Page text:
Posts Tagged ‘Reeling Backward’
A well-intentioned military drama that wears its emotions too openly, "Time Limit" was Karl Malden's only effort in the director's chair.
This romantic drama features the incomparable Ingrid Bergman, and also plenty of old-school Hollywood BS.
Often described as one of the most beautiful films ever made, though I couldn't completely forgive "Walkabout" for violating its own emotional integrity.
A classic bit of mid-century horror cheese, with a few genuinely startling moments interrupted by long passages in which the characters explain the plot to each other.
A fun, romantic dash of a movie, "Born Yesterday" also has something to say and features one of the all-time iconic female comedic performances.
Known more for its length and sexual content than anything else, "1900" is a sprawling, flawed film that still constitutes a worthy cinematic experience.
Like the proverbial innocent man convicted of a crime he didn't commit, some great films get consigned to the worst punishment imaginable: being forgotten.
Andrew Jarecki's exploration of an infamous child molestation case is really about the concept of reality versus perception, the knowable and the confounding.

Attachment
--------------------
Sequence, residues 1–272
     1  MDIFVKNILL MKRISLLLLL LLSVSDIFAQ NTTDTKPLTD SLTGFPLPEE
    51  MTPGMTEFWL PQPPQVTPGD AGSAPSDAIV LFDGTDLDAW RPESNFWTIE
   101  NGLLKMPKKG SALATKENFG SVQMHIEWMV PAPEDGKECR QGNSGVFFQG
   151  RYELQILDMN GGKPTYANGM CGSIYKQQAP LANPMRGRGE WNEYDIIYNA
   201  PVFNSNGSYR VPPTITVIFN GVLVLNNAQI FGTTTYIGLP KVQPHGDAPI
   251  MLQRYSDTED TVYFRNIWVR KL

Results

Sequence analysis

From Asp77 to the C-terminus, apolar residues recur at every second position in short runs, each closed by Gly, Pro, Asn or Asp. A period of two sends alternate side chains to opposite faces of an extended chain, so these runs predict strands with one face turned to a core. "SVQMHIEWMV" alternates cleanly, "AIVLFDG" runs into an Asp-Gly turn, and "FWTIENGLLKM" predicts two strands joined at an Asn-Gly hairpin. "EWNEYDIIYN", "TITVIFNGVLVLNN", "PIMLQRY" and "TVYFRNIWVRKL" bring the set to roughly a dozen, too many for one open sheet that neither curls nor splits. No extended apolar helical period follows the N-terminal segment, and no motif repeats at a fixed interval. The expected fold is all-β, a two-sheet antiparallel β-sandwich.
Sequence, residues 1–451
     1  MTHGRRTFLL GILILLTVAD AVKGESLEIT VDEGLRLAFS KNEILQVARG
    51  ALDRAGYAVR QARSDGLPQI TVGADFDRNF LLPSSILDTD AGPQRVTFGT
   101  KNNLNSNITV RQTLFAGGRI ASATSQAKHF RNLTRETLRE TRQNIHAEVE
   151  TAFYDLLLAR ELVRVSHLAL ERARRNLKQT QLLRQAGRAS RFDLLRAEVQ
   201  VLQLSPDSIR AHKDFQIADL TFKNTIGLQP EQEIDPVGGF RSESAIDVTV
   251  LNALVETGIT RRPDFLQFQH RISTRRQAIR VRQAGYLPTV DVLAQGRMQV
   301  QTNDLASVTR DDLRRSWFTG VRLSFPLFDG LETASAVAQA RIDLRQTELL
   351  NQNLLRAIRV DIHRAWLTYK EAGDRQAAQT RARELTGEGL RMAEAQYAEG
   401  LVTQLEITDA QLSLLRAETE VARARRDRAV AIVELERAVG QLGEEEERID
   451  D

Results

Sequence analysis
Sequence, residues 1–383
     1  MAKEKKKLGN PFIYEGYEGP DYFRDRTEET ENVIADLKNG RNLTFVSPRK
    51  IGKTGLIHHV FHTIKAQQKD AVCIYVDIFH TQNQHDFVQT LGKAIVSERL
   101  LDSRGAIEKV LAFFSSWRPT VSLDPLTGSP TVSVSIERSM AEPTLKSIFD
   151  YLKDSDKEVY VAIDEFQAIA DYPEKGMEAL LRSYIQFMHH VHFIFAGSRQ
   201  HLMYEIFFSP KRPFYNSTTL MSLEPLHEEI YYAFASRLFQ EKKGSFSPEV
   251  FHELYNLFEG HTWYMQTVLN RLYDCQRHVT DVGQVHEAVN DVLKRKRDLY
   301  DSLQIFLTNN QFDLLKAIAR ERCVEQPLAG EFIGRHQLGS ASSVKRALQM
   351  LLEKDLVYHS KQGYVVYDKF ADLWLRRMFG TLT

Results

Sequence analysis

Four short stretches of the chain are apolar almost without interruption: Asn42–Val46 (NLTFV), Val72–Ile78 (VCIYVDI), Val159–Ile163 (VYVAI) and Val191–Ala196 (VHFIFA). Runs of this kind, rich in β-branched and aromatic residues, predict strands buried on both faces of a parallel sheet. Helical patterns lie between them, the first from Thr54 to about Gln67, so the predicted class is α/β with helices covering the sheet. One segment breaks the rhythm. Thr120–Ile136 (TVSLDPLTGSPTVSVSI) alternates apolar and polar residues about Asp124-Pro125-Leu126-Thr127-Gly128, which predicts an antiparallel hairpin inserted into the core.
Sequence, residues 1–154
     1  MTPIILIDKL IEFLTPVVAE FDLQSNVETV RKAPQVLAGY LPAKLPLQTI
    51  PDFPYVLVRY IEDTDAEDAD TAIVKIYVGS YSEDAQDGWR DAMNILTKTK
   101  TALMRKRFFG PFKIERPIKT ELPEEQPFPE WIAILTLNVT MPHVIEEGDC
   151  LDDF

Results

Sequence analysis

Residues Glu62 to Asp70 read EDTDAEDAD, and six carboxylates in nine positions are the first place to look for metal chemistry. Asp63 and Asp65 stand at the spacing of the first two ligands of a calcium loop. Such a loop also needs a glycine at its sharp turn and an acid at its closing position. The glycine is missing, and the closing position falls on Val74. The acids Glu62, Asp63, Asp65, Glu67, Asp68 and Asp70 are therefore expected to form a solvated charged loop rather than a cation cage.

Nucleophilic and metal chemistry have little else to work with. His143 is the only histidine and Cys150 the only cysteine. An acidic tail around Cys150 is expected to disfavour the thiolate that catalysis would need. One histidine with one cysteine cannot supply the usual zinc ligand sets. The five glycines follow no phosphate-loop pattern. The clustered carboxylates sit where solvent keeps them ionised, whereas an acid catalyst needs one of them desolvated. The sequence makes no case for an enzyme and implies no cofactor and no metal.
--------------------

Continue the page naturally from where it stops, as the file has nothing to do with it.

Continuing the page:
A classic example of mid-century ersatz Hollywood cheese, brazenly attempting to rip off a spectacularly successful film on the cheap.
The last of Roberto Rossellini's neorealist WWII trilogy explores the desolation of the defeated in post-war Berlin.
This WWII romance/adventure, twice nominated for an Academy Award, deserves more of a reputation than its current forgotten status.
One of my personal touchstone films, "My Life As a Dog" showed an American teenager how vibrant and alive foreign cinema can be.
A cynical studio ploy to ride John Travolta's song-and-dance stardom, "Urban Cowboy" is a totem for the urge to recreate America's pioneer legend.
A movie about a vexing mystery that cares not a whit about solving it; rather, it's a dreamy contemplation of the power of the puzzle itself.